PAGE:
Teaching hysteria is like eating your seed corn; when you need what you had, it is gone. Today, we are slipping, spending money belonging to future generations and teaching hysteria – eating our seed corn. Rather than modeling calm, confidence, appreciation, and gratitude for sacrifice – “the long view” – we seem content to indulge overreactions. Examples abound, leading nowhere good. Time to reverse course.
In my younger days, I was unsure about lots of things, but had confidence that adults – older folks who walked slower, talked slower, and acted responsibly, many WWII and Korean War vets – knew the score, were keeping track, and had my back. They did not panic, or pretend panic was good.
Today, what have we? We have adults shrieking that climate change will end humanity in a few generations, if not a few years. We have national leaders – who know the world is not ending – quick to shut down schools, leave kids in isolation, bankrupt businesses, and fan fear rather than be calm and teach confidence and the fine art of fear management. We have foreign policy amateurs speak freely of war, including nuclear.
All that is wrong, unnecessary, and misdirected, leading younger people to think the wheelhouse is empty, wheel spinning madly, everyone preparing for end of days, that craziness it normal. It is not.
We have media – print and broadcast journalists – no longer content to serve as unhurried purveyors of truthful information, no longer interested in sowing and reaping public trust, but quick to seed dissension, accept distortion, play activist, stir riots, sell disgust, and live with distrust.
Rather than studying the style and compass of probing, public-spirited, uncompromising – sometimes stunningly unflappable – journalists like Ernie Pyle, Bill Mauldin, Walter Cronkite, Howard K. Smith, Edward Morrow, Walter Lippman, and William Buckley, we watch journalists play to polarization.
On the social media side, what can you say? We see this new institution – filled with potential for serious dialogue – twisted in odd directions, coopted and politicized by corrupt actors, undermining problem resolution, pushing anxiety, fear, distrust in democracy, emotional zings, zaps, and tweets.
Older Americans take this clatter-trap with a grain of salt. They have seen what real crises look like, from WWII, Korea, Vietnam, Middle East, Cuban Missile, and Cold War to stagflation, presidential resignation, market collapse and regeneration, to 9-11. They know good times outweigh bad, with perspective.
But what are we teaching the younger generations? The answer is a bizarre, misplaced default to hysteria, anxiety, and dystopia, a fear bordering on always-almost-here-apocalypse, a state of unease instead of calm, nerves not inner peace, impending calamity not implacable can-do.
Where we wondered, worked, and managed to wrestle the unexpected with lessons learned from future-focused generations that preceded us – and from our Nation’s history, much of the “Gen Z” kids seek refuge, excuses, and escapism. Rather than turning into the wind, they run from it.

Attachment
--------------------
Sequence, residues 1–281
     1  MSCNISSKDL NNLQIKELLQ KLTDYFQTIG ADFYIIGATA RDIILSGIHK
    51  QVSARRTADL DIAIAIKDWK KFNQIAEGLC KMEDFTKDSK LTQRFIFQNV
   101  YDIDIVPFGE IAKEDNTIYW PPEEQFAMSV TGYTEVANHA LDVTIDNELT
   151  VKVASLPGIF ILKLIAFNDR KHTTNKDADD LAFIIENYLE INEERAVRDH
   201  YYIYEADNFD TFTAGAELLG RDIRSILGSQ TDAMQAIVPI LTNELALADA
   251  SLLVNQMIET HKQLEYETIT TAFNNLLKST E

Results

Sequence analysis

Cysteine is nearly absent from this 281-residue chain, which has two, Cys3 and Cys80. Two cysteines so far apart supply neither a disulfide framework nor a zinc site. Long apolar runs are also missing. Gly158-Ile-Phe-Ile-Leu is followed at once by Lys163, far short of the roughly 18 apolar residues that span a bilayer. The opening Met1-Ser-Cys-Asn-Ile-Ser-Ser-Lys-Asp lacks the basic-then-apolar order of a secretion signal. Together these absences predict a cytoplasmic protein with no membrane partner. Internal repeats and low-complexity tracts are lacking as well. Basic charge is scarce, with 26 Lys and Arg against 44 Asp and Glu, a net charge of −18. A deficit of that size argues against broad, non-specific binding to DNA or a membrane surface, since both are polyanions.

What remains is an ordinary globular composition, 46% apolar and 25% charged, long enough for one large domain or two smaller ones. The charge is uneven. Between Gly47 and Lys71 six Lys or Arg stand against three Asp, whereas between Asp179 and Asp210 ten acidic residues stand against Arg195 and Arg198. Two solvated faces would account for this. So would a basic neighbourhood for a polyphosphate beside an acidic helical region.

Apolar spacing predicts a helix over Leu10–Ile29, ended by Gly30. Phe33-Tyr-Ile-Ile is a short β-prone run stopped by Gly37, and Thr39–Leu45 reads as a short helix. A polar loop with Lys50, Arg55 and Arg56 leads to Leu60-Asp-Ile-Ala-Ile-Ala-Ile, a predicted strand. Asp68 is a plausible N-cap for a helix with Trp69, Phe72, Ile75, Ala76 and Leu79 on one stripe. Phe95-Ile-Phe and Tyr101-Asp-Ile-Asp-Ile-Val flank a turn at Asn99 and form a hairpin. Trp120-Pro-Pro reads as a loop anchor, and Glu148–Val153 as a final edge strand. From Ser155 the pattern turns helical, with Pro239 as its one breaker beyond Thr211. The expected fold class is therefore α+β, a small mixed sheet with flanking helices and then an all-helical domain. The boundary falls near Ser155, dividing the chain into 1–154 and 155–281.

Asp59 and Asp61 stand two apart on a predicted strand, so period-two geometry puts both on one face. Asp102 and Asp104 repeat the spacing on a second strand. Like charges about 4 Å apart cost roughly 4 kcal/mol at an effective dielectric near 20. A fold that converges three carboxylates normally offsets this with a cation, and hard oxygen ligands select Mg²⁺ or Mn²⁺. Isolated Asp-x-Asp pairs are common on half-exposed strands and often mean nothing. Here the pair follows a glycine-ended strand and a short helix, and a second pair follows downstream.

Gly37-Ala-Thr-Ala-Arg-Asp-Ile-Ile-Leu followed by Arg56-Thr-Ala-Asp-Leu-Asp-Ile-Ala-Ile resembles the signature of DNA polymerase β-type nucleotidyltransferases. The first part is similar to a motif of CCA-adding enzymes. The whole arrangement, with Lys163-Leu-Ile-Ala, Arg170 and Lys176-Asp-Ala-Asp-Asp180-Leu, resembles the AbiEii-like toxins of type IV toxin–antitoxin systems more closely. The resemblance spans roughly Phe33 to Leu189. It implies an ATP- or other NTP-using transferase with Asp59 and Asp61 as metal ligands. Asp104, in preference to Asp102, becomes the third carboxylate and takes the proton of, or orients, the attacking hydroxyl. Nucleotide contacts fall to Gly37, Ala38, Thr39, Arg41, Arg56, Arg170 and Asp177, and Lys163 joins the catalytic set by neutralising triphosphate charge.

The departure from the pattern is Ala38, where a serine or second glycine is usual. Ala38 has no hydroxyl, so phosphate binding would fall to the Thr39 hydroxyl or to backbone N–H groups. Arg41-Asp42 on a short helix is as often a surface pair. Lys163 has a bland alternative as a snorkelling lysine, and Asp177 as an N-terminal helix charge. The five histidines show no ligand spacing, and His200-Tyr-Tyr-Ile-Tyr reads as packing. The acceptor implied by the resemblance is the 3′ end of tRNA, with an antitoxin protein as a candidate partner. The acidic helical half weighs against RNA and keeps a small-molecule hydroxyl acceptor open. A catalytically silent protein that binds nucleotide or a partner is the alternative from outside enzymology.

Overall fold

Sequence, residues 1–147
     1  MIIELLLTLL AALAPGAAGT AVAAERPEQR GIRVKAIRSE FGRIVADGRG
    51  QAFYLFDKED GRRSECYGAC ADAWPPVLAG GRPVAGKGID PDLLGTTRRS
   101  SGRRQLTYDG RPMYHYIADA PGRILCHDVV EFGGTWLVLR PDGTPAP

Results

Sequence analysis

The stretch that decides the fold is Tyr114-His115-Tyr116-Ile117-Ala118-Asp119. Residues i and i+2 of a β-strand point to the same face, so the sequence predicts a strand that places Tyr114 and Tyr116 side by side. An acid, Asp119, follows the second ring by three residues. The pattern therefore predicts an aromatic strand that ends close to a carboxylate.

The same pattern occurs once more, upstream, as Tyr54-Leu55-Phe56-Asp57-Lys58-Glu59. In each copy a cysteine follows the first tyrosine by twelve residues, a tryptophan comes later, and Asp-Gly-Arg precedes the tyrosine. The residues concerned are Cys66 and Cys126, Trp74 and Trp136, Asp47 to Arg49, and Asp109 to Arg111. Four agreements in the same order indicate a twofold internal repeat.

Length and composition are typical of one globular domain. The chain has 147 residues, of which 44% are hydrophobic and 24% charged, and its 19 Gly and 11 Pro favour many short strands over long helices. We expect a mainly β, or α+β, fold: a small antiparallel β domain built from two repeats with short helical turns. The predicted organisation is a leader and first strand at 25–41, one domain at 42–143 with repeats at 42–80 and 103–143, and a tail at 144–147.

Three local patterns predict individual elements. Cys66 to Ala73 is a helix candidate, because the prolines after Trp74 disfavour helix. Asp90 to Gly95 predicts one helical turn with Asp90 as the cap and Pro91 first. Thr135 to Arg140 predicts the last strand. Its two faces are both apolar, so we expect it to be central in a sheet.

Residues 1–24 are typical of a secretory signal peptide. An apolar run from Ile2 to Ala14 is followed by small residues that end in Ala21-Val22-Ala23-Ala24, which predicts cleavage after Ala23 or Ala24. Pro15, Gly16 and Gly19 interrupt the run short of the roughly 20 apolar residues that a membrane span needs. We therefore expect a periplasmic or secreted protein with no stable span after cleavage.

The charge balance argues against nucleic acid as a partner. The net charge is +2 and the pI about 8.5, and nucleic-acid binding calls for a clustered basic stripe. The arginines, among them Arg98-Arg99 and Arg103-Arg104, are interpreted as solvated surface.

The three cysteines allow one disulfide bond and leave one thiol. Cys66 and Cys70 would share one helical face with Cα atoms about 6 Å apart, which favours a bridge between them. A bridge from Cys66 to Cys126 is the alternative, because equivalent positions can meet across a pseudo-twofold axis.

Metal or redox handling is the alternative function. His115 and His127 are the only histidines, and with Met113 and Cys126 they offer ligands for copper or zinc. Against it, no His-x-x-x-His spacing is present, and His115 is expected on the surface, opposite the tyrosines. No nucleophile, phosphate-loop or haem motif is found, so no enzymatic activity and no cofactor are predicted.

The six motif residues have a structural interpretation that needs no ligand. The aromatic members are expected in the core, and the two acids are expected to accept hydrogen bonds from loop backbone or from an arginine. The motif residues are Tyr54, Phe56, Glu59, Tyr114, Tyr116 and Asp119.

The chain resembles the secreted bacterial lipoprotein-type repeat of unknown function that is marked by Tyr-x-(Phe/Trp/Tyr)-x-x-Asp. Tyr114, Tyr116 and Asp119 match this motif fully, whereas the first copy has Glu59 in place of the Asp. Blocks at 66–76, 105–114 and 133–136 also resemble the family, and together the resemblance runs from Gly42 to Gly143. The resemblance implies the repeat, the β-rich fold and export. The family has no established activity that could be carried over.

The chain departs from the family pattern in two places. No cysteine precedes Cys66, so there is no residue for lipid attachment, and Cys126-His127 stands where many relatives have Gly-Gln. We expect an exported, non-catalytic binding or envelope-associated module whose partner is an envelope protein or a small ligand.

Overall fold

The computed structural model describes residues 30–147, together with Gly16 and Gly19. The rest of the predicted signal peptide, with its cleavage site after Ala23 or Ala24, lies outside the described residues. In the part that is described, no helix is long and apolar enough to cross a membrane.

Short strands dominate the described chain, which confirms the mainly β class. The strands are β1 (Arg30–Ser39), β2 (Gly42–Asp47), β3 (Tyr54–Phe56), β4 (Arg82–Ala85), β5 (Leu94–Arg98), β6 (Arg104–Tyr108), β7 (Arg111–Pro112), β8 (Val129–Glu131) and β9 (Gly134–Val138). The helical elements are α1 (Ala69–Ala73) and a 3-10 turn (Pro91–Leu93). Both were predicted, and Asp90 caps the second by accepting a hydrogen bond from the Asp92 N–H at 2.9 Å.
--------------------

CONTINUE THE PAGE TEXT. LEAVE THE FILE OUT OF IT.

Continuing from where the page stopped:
If you think this unfair to them – or to those of us whose turn it is to teach – just look at the level of hysteria and inborn stress kids carry.
One recent story – a national poll – revealed that, after Roe v. Wade was reversed, 37 percent reacted to the national hysteria with near panic, many saying they would have changed colleges (to a different state) if the decision had come earlier, some saying they needed to leave the country.
On climate change, 41 percent call it their top fear. At the same time 83 percent of those 14 to 24 have “anxiety” over the issue – with one in three saying it keeps them indoors, one in four saying it affects their concentration.
Corroborating these numbers, and equally shocking, a recent Blue Cross poll puts the number of “Gen Z” kids in trouble for mental health at close to 80 percent, much of this driven by fear of climate change.
Meantime, 24-7 coverage of terrors associated with COVID-19 wracked “Gen Z” with fear, to the point where 42 percent of “Gen Z” are now diagnosed with a “mental health condition.”
All of this points to a major failing – a failing of what are now America’s older generations, those who presently dominate, define, own, or lead in the critical fields of education, journalism, politics, law, medicine, and any others interacting with younger Americans.
Rather than teaching calm, confidence, peace, perspective, and can-do, or at least rational, non-emotional recourse to logic, facts, life history, and the nation’s historic – and highly successful – attitude to crisis assessment, management, and resolution, we have conditioned many to fear and folly.
As 2023 approaches, thinking beyond the present it appropriate – but in perspective, with hope not hysteria, faith not fear, a sense of passing forward lessons we learned long ago. The sky is not falling, the world is not ending, time has not ceased, and nor will it soon.
Needed is a resolution – to teach common sense, uncommon calm, management of fear not surrender to it, conservation perhaps but not panic, thoughtful action not overreaction. The best history is made with gratitude for sacrifice, presence of mind, commitment to action, not anxiety, not being forlorn, not eating our seed corn. It’s time to reverse course and replace hysteria with confidence. We can, we must.
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